[Date Prev][Date Next][Thread Prev][Thread Next][Date Index][Thread Index]
RE: Standards (yet again) was RE: Use of XML ?
- From: Dylan Walsh <Dylan.Walsh@Kadius.Com>
- To: firstname.lastname@example.org
- Date: Thu, 02 Aug 2001 18:28:27 +0100
Sent: Thursday, August 02, 2001 4:35 PM
>The path of least resistance is to surrender, and go with
journalist-speak and define
>"standard" as any specification that is either implemented by a
dominant vendor (e.g., the
>Windows API) or agreed upon by any significant group of vendors (SOAP
1.1, the W3C specs). But
>then the word becomes meaningless, and the press releases from BozoCo
and flunkies about the
>new "standard" they proposed to the W3C have the same status as ISO
I have taken a look at the definition of the noun "standard" in several
online dictionaries, and the idea of legal status / government approval
is not the only definition, and it is actually *hard to find* such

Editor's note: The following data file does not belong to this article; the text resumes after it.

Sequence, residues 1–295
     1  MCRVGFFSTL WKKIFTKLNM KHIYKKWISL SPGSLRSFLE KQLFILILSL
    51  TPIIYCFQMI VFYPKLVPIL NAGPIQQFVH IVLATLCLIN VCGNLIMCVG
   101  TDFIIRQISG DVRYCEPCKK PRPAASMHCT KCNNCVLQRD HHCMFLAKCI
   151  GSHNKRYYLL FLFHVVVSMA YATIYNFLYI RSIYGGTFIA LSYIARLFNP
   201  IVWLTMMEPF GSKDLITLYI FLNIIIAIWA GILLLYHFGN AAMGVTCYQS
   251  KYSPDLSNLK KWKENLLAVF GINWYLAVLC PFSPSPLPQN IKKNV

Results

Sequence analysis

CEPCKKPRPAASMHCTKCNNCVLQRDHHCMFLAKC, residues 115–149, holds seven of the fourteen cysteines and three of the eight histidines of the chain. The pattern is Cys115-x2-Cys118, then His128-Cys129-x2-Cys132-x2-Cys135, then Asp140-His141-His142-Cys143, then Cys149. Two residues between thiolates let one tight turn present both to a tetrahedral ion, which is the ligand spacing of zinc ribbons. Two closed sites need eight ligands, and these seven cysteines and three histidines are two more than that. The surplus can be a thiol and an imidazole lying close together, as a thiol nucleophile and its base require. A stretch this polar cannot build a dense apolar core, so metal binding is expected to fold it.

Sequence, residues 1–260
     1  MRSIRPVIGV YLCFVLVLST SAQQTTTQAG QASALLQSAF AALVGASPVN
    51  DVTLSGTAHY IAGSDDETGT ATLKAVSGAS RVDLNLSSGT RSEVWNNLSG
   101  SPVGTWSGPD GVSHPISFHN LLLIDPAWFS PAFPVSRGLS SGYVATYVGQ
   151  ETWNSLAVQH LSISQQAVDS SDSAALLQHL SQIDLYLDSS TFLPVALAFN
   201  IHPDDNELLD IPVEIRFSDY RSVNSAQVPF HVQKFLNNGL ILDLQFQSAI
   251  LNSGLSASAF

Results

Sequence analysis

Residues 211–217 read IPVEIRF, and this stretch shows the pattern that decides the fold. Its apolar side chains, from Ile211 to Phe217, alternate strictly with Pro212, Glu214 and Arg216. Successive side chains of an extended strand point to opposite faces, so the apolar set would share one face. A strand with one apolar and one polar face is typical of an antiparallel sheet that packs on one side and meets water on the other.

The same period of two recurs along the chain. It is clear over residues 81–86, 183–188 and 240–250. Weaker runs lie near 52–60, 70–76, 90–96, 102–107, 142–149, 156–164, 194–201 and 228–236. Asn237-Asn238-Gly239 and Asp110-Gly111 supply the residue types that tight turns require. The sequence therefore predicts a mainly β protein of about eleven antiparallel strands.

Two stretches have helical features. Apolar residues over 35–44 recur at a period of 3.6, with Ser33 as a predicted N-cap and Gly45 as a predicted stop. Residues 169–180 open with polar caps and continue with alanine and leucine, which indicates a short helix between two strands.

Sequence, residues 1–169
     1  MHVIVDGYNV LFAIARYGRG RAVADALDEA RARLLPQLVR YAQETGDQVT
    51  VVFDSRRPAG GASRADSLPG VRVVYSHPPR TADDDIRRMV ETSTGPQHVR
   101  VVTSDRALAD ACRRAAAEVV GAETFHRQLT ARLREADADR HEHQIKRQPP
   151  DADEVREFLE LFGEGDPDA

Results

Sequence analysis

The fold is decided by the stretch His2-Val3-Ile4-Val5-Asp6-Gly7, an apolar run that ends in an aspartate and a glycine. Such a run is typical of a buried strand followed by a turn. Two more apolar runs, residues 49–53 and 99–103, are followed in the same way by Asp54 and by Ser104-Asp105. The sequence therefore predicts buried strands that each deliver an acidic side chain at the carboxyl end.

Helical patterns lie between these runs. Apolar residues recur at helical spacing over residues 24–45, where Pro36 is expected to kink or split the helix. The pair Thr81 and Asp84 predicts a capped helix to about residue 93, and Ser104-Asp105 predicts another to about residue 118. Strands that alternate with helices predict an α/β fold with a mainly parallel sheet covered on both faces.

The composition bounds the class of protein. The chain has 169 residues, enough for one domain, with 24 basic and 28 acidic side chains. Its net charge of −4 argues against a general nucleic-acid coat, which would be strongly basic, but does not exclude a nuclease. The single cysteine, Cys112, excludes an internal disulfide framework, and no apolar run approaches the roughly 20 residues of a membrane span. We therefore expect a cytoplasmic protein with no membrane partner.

meaning listed (though it does appear in one example that I could find,
in relation to the King of England). I would contend that this looser
use of the term predates the ISO itself, so being "snooty" about people
using it is misguided.
Therefore the onus falls on the pedants to qualify the word. For example
"defacto standard" (e.g. cars have four wheels), "consortium standard"
(e.g. W3C), "national standard" (e.g. ANSI), and "international
standard" (e.g. ISO). So I would not correct someone who said "it is the
standard in XML not to use all-uppercase tags", because that is the
practice I've found to be most widespread and the person is not misusing
the word. I might be inclined to add that there is no technical or legal
impediment to using all uppercase, but only for clarification.
The use of the term "specification" has been recommended here, but that
word does not convey the idea that it will be used by disparate groups.
"Standard" implies widely used or atleast widely known.